***

My score : 65! [Naturally, a few variations of whatever's written above are permitted]

Hail, the 90's Child!


90's ChildSocialTwist Tell-a-Friend

April 25, 2010

A License to Kill

Can any reason ever justify an intentional breach of the sanctity of life? Can a person who has taken the Hippocratic Oath accede to be an agent of Death? Can anything be worse than watching your dear ones laid bare on the anvil of pain even as you find your hands locked with helplessness? Can any amount of remorse cloud the knowledge that you have left a fellow being in the most abyssmal variation of life that the world has to offer? If you find yourself incapable of answering either of these questions conclusively with a 'Yes' or 'No', don't feel embarrassed. For strangely, there are no 'correct' answers to such questions. The matter of 'mercy-killing' or in technical terms - 'Euthanasia' is still suspended in a perpetual oscillatory motion held by uncompromising forces powered collectively by science and ethics. The idea of euthanasia is not new - the concept of aiding a long suffering individual, with no real chances of survival to die in a painless manner has been suggested decades ago. Ever since, the matter has been shrouded by the veils of multiple legislations and drapes sewn from the yarns of medical philosophy. The stakes are so high that it would be futile to even attempt to clinch the argument in a short piece of text. The best we can do would therefore be to just examine and assess - at times, objectively and at times, passionately - this monumental question-mark that hovers over the medical fraternity.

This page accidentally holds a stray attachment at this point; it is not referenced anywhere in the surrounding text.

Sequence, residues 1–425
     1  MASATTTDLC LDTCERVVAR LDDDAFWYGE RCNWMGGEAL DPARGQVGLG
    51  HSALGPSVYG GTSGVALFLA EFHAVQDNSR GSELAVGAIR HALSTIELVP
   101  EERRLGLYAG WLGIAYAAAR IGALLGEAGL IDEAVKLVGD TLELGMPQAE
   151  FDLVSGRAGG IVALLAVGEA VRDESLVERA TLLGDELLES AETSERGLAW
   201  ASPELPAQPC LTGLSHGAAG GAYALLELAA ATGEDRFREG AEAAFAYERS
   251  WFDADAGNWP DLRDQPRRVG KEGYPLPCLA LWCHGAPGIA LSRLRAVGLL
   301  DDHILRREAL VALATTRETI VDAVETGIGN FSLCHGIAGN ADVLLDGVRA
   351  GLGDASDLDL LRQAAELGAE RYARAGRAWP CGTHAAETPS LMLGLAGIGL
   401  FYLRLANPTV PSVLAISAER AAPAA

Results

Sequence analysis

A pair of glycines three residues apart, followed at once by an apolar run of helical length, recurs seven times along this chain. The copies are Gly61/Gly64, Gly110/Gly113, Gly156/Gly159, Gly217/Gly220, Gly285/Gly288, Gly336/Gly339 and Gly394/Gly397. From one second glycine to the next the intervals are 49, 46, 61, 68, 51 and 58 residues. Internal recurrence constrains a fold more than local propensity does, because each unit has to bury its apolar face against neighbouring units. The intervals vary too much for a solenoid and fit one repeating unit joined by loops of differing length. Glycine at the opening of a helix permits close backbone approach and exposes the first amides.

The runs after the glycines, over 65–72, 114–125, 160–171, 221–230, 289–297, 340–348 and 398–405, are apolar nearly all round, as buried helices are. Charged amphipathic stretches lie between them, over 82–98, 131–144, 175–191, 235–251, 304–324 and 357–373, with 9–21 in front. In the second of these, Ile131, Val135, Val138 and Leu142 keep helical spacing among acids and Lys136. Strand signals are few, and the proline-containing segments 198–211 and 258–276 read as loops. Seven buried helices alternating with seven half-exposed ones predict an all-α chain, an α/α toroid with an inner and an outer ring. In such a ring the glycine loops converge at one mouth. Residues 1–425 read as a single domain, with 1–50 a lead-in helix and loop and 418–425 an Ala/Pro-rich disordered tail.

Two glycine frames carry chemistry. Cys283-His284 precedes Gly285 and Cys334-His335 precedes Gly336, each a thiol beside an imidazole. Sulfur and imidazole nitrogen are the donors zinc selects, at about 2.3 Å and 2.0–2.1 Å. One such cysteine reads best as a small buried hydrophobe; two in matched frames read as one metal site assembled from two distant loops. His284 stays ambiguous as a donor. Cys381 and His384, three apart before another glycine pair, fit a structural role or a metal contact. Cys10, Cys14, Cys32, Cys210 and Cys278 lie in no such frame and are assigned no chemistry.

The first thing to understand, if ever you are to believe in euthanasia, is that Death is not to be feared. The reason we fear death is the same reason that we fear darkness - we don't quite know what lies beyond it. Yes, if it comes unexpectedly, death indeed is the pinnacle of all tragedies. But, in a debate of mercy-killing, death needs to be seen in a completely different light. And because, they are both the two sides of the same coin, any attempt to unravel the intricacies of death must also circumscribe the realm of life. Agreed - life is pious and as mere creations of the Almighty, we have little right to meddle with it. But, once the long path of life has been traversed, isn't death the ultimate transition to something even more meaningful? And if that transition can be made more smooth and less tortuous, wouldn't it make sense to actually do it?Death has never been the greatest loss of life - the greatest loss has been what dies inside us even while we live. And if that loss answers to the claim of being that of the purpose or the desire to live - it would be a tragedy to live with such a loss. Wanting to die and still not being able to do so is far worse than death. Euthanasia is controversial since it pits the plight and suffering of an individual hung in a pathetic imitation of life and willing to embrace death against the legal, medical and social implications of having the right to end such a life. Euthanasia has been erroneously perceived as a stand-off between science and humanity when in reality, it simply endeavours to take the form of a handshake between science and humanity. Just picture some candidates of euthanasia and you will find your heart bleeding tears. A listless human body - in an irreversible coma - lungs run by a respirator and the cells fuelled by an array of feeding tubes and bottles and the heart and the brain being continuously mapped on gigantic screens. An old man - the pride of his life being rotted by the incurable psychological disease grasping him - rendering him a caricature of his age. A impoverished pheasant - in the terminal stages of a deadly cancer - a veritable human hourglass. What science can be dispassionate enough to turn a blind eye to this suffering? A suffering that tortures not only the patient but also those close to him for having to see him in such a state and yet not having the power to interrupt it. If death can curtail all this suffering, why with-hold it? The secret of a successful life has always been how to die - the time, the place, the manner. Euthanasia is for those unfortunate people who have not the fortune of choosing their death over life - even when it is the better of the two options. The controversy is of course whether the medical personnel, responsible for safeguarding life - can actually include its 'antidote' - Death - in their domain. The other arguments in favour of euthanasia are founded more on logic than on compassion. Patients, who have reached a point of no-return, are naturally an economic burden for their families and the society. Rarity is always high-priced. As death draws near and the last dregs of life are all that are left to be drunk, medical care becomes exorbitantly expensive. The intensive care units, the million-dollar life-support equipments, the team of specialized over-seers and the requisite high standards of medical care - its a suction pump that is capable of exhausting the entire pool of family resources and throwing them into the vicious cycle of debts. And in countries like India, where the health care system is already stressed out and working over-time, it seems only reasonable to permit those beyond all chances of survival to make room for those who can still survive by a healing touch. Euthanasia, therefore - though a radical concept - can not be out-rightly discounted.